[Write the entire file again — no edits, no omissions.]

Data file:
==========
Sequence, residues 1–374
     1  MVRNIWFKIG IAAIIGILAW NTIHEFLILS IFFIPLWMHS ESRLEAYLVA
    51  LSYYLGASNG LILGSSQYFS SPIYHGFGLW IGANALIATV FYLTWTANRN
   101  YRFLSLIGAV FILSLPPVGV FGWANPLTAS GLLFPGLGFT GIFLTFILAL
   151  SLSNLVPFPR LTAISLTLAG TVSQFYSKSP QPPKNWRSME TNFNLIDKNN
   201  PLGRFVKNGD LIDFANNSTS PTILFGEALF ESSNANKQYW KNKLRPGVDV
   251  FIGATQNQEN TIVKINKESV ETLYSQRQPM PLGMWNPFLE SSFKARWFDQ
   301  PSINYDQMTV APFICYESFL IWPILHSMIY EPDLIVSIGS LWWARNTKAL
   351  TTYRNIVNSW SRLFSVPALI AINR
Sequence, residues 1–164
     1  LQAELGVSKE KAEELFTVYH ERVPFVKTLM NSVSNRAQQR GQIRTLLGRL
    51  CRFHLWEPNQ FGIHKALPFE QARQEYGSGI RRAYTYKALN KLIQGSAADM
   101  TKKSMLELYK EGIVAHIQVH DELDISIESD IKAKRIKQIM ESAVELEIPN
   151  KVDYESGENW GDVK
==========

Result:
Sequence, residues 1–374
     1  MVRNIWFKIG IAAIIGILAW NTIHEFLILS IFFIPLWMHS ESRLEAYLVA
    51  LSYYLGASNG LILGSSQYFS SPIYHGFGLW IGANALIATV FYLTWTANRN
   101  YRFLSLIGAV FILSLPPVGV FGWANPLTAS GLLFPGLGFT GIFLTFILAL
   151  SLSNLVPFPR LTAISLTLAG TVSQFYSKSP QPPKNWRSME TNFNLIDKNN
   201  PLGRFVKNGD LIDFANNSTS PTILFGEALF ESSNANKQYW KNKLRPGVDV
   251  FIGATQNQEN TIVKINKESV ETLYSQRQPM PLGMWNPFLE SSFKARWFDQ
   301  PSINYDQMTV APFICYESFL IWPILHSMIY EPDLIVSIGS LWWARNTKAL
   351  TTYRNIVNSW SRLFSVPALI AINR
Sequence, residues 1–164
     1  LQAELGVSKE KAEELFTVYH ERVPFVKTLM NSVSNRAQQR GQIRTLLGRL
    51  CRFHLWEPNQ FGIHKALPFE QARQEYGSGI RRAYTYKALN KLIQGSAADM
   101  TKKSMLELYK EGIVAHIQVH DELDISIESD IKAKRIKQIM ESAVELEIPN
   151  KVDYESGENW GDVK